If you want to be a guest on the show to showcase something your company is doing to shine a light on others, you can EMAIL ME HERE. Stay tuned to this blog for more details, but plan on the show launching NOVEMBER 18th!

Shine A Light!

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[photo by david paul ohmer on flickr]

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He Said She Said, Round 8 | Interruption Marketing = Evil

Interruption marketing…represents all that is bad about modern marketing. Being forced to watch commercial messages against your will is nowadays just. bad. marketing.

In this episode of He Said, She Said, Stephanie and I discuss some alternatives to interruption marketing. And, stick around to see a surprise ending!
[youtube=http://www.youtube.com/watch?v=NJ80Zt6skCc]
[youtube=http://www.youtube.com/watch?v=mSsF9BVsVdw]
A great thrill for us to have Chris Brogan join us for He Said, She Said. Thanks Chris, you are a class act!

Here is the original post on the He Said, She Said blog. Here is Stephanie’s version of the post from Radiant Veracity.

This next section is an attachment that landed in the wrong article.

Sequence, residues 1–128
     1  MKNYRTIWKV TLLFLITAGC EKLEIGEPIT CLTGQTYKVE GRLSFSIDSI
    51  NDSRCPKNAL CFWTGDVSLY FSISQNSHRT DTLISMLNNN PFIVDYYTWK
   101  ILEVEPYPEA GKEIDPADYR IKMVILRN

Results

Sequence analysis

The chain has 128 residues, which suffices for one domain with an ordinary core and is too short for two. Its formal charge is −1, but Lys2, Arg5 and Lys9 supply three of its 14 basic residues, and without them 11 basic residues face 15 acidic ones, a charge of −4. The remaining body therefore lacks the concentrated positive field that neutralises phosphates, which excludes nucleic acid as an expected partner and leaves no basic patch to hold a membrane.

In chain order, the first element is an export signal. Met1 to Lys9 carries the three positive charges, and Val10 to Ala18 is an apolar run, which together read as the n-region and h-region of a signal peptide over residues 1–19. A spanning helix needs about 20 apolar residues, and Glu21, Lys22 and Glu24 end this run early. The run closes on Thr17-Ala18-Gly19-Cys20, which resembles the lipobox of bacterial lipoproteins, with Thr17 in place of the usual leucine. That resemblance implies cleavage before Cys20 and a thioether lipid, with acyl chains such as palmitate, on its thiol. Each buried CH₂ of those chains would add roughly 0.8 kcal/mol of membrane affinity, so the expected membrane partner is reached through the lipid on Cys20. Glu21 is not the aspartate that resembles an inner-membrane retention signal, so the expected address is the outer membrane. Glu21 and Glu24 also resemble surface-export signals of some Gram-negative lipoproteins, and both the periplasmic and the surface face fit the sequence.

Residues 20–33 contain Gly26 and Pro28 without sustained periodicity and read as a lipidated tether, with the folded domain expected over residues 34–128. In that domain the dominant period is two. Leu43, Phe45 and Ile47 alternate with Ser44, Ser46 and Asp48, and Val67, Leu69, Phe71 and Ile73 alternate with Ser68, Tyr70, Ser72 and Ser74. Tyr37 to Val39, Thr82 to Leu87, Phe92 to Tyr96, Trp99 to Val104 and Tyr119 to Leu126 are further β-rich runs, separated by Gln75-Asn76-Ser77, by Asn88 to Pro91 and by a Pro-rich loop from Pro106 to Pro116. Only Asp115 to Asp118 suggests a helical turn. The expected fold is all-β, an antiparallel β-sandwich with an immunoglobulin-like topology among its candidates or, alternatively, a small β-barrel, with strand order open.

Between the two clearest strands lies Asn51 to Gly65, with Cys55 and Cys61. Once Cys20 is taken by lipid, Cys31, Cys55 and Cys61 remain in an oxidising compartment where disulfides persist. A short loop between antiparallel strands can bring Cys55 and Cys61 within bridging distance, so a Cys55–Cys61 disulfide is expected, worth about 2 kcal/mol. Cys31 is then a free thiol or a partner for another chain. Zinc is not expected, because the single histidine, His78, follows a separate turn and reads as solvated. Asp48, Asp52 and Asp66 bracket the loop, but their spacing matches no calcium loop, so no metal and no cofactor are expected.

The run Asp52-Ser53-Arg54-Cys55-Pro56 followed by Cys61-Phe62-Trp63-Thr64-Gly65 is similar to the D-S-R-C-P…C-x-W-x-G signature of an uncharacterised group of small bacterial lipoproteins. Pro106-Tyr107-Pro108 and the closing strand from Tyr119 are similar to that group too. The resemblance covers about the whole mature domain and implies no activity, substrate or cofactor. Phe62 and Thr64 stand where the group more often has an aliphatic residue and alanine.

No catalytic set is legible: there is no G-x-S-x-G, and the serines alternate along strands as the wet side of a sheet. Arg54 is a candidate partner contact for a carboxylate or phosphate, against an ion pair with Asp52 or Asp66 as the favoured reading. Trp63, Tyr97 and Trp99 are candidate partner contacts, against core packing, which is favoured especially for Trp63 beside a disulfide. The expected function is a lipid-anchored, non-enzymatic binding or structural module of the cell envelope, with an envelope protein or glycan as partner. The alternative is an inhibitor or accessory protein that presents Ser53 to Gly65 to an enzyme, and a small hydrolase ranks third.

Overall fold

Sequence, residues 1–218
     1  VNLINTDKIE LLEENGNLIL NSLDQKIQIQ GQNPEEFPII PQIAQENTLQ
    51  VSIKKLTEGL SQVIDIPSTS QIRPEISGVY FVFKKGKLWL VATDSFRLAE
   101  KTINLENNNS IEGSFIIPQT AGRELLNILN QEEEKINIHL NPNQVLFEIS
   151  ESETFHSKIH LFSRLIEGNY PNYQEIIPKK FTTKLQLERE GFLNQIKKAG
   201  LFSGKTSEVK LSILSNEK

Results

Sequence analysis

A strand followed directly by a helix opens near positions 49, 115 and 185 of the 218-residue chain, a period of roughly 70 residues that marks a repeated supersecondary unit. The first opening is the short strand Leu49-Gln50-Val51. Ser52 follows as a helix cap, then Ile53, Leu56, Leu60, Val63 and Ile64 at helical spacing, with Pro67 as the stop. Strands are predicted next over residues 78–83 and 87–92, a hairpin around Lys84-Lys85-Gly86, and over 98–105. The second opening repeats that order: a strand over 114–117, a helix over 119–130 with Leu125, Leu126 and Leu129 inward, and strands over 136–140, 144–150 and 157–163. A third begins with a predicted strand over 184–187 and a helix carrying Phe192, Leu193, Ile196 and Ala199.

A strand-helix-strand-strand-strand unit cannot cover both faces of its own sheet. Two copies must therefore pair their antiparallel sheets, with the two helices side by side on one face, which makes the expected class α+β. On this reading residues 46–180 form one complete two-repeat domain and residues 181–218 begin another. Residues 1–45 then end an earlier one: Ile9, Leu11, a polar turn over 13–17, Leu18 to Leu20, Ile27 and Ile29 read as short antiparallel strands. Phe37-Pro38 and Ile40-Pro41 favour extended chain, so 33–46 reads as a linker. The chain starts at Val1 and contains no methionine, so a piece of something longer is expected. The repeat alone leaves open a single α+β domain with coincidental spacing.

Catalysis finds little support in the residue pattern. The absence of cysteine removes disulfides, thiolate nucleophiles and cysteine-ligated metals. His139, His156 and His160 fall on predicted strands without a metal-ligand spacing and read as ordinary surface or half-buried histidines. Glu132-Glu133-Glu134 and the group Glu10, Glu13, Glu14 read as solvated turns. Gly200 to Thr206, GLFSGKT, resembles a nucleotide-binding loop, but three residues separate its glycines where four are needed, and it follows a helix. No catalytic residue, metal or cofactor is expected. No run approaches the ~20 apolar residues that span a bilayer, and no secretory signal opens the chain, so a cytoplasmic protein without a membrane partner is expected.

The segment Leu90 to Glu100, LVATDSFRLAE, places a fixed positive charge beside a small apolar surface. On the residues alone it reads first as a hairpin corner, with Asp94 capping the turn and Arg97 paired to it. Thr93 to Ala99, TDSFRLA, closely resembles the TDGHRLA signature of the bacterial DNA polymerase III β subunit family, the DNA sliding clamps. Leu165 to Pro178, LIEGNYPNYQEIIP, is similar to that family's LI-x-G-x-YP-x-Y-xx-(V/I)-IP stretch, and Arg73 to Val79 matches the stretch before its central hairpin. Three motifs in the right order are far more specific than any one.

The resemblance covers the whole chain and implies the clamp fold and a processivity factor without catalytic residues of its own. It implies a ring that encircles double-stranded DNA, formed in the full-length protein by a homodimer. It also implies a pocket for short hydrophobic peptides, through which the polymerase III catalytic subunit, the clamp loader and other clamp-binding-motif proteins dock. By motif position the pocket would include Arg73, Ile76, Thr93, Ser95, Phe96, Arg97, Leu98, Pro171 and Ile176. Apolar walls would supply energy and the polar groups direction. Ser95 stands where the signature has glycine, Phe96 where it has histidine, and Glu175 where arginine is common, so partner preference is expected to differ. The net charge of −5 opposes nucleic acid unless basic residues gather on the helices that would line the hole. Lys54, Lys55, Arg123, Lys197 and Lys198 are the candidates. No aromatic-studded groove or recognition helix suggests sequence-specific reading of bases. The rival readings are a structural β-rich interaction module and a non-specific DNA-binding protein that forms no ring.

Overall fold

Miriam Salpeter, Chris Brogan, Stephanie Lloyd, Todd Schnick

Miriam Salpeter, Chris Brogan, Stephanie Lloyd, Todd Schnick

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He Said, She Said – Round 6 – Multi-Dimensional Blogging

Last night, my colleague Stephanie A. Lloyd and I discussed the merits of multi-dimensional blogging. Stephanie’s question was inspired by our attendance the night before at Atlanta Bloggers…

[youtube=http://www.youtube.com/watch?v=2CBp3Q5ygKo]
[youtube=http://www.youtube.com/watch?v=YPjwZfWCrvU]

Round 6 was filmed live at the inaugural Atlanta Red Shoe Project TweetUp at FuegoMundo South American Wood-Fire Grill.

Here is the Round 6 post direct from the He Said She Said blog. And here is Stephanie’s version of Round 6…